• Russian President Vladimir Putin appears on Russian television during a live broadcast in Moscow.

Russian President Vladimir Putin appears on Russian television during a live broadcast in Moscow. (Photo : Reuters)

China and Russia are expected to sign a multibillion-dollar high-speed rail deal during the state visit of Russian President Vladimir Putin to Beijing, which will start on June 25, the South China Morning Post reported.

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Aside from the rail deal, around 30 trade agreements could also be possibly signed during the visit, the report said.

China has confirmed plans to grant a 400-billion-rouble (HK$48 billion) loan to Russia for the construction of a high-speed railway to link the Russian cities of Moscow and Kazan.

Two Chinese banks have also pledged in April to lend more than $12 billion for the development of a liquefied natural gas plant in the Arctic. The project was delayed after the U.S. imposed sanctions on Novatek, the majority shareholder in the project, which is partly owned by Russian billionaire Gennady Timchenko, and Putin's close friend.

Alexander Gabuev, a senior associate and the chair of Russia in the Asia-Pacific Programme at the Carnegie Moscow Centre, said that the two countries are expected to sign the railway deal and agree on the first batch of loan for the gas deal.

The signing of the deals came as the two countries are expected to extend their military cooperation. Russia is seeking deeper ties with China to offset the sanctions of Western powers, while China needs Russia's support against U.S. presence in the East and South China Seas.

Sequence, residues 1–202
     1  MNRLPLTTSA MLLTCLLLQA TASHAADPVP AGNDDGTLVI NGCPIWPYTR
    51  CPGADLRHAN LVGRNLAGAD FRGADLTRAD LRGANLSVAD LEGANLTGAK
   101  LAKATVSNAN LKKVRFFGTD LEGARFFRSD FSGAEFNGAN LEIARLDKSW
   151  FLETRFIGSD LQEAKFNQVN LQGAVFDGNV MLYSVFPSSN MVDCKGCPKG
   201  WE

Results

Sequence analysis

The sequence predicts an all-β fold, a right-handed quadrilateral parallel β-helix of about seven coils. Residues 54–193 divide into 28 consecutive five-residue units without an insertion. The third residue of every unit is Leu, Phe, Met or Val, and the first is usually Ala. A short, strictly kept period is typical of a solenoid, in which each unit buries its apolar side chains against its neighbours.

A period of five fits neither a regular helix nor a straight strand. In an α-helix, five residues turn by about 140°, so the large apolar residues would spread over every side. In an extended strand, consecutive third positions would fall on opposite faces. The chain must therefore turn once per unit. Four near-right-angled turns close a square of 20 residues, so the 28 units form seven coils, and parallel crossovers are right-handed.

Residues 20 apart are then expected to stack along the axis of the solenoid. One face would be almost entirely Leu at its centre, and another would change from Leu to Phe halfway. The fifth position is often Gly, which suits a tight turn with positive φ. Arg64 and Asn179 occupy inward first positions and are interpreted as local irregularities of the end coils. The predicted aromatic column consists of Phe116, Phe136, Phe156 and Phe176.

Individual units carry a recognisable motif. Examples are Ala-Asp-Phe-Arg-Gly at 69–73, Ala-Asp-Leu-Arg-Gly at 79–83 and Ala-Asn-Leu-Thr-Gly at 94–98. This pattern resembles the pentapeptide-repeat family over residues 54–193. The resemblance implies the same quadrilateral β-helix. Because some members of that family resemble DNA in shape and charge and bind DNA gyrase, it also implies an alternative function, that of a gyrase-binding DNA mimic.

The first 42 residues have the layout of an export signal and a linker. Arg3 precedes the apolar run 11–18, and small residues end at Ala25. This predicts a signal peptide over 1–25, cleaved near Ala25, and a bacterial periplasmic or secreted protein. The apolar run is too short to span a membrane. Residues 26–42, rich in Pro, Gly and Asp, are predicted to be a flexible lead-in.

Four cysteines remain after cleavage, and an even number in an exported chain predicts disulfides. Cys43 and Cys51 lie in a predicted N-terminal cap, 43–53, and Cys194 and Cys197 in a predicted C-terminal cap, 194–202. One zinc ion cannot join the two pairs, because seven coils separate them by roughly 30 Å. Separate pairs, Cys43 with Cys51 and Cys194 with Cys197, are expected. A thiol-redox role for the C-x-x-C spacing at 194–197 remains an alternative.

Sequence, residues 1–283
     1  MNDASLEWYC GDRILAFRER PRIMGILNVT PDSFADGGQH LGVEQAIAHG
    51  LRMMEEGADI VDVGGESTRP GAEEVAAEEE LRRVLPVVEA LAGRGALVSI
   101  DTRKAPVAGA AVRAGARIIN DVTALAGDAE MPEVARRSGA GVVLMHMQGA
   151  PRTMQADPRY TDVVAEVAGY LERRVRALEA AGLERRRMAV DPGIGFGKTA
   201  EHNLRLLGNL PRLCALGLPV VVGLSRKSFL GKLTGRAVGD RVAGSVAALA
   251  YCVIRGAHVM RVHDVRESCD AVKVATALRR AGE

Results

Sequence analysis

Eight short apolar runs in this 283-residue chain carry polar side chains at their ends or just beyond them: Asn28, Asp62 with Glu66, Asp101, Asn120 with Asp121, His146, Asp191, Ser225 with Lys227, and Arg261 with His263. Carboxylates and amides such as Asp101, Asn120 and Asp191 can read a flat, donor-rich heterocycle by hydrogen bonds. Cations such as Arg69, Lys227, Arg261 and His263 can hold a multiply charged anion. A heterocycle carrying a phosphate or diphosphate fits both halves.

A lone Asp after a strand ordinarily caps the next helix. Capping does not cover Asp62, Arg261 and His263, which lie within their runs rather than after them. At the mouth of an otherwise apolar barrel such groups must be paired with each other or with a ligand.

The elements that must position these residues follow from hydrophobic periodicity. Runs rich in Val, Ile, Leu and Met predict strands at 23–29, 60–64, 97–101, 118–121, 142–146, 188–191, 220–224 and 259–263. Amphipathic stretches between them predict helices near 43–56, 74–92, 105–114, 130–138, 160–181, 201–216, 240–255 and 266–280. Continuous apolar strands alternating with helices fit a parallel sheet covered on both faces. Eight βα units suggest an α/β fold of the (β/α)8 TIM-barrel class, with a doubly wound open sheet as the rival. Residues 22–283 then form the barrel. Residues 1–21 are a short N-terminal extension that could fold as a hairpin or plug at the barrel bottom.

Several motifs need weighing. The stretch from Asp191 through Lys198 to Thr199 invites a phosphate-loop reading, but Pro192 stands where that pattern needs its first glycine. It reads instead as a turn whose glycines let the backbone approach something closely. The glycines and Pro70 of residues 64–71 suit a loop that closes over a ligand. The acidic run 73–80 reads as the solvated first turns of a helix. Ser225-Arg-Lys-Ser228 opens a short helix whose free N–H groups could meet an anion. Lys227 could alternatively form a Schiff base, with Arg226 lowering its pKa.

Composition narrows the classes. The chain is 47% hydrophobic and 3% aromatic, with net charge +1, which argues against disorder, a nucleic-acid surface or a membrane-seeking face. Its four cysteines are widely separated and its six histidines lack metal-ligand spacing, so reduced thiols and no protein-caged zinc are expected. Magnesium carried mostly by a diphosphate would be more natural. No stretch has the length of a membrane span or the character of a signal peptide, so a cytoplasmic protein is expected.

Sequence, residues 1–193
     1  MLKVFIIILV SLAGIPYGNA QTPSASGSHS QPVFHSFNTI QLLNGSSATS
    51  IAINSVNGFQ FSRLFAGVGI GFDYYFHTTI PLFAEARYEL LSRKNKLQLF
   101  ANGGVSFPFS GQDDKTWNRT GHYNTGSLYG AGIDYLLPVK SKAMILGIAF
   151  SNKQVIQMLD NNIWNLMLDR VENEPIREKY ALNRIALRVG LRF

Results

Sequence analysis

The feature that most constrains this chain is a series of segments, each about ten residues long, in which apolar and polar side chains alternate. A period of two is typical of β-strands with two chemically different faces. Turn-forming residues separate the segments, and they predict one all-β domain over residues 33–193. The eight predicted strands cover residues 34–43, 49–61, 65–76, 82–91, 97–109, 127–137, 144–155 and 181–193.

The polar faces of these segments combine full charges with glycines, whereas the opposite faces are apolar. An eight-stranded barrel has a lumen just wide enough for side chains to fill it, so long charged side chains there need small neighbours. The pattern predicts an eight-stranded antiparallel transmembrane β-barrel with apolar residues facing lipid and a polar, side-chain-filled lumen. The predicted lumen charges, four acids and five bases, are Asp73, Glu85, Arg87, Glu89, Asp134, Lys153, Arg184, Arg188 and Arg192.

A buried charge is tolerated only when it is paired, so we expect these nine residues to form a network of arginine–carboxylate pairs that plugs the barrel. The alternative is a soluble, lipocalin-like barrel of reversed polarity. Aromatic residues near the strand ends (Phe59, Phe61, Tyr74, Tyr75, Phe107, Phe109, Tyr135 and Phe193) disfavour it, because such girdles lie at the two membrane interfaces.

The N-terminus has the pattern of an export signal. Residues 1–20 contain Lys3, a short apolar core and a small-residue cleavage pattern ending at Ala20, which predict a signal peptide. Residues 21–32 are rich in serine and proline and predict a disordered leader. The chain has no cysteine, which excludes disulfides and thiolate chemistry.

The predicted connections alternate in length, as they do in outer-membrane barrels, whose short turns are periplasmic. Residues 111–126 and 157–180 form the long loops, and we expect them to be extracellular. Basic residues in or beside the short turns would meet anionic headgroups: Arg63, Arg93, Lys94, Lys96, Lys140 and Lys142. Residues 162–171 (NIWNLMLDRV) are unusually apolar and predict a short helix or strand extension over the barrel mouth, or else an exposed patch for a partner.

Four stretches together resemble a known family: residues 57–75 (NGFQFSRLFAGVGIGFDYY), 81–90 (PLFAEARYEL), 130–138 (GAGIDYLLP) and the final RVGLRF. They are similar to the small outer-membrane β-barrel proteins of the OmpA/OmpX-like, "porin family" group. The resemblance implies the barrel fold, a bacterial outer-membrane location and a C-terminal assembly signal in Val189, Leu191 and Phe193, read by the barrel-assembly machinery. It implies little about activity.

Analysts said that the military cooperation between the two countries was driven by the U.S.'s deployment of the Terminal High Altitude Area Defence (THAAD) missile system in the Korean Peninsula.

In May, China and Russia also conducted the first computer-aided missile defense drill as Beijing purchased an S-400 surface-to-air missile system from Russia.

In June, Chinese and Russian navies sailed into the disputed waters near the Diaoyu Islands (known as the Senkakus in Japan) in the East China Sea at around the same time. Many believed this to be the first of the two countries' joint operations in the East China Sea.

However, it would take a long time before the cooperation between the two countries attain the same level as that of NATO or the U.S.-Japan alliance, according to Macau-based military observer Antony Wong Dong.

"The two countries' anti-missile cooperation is more about exploring and understanding each other's military capabilities at this stage. It is more of a protest against the U.S., rather than actual cooperation," Wong added.

In April, Russia had urged countries involved in the South China Sea dispute to resolve the matter among themselves, without third parties.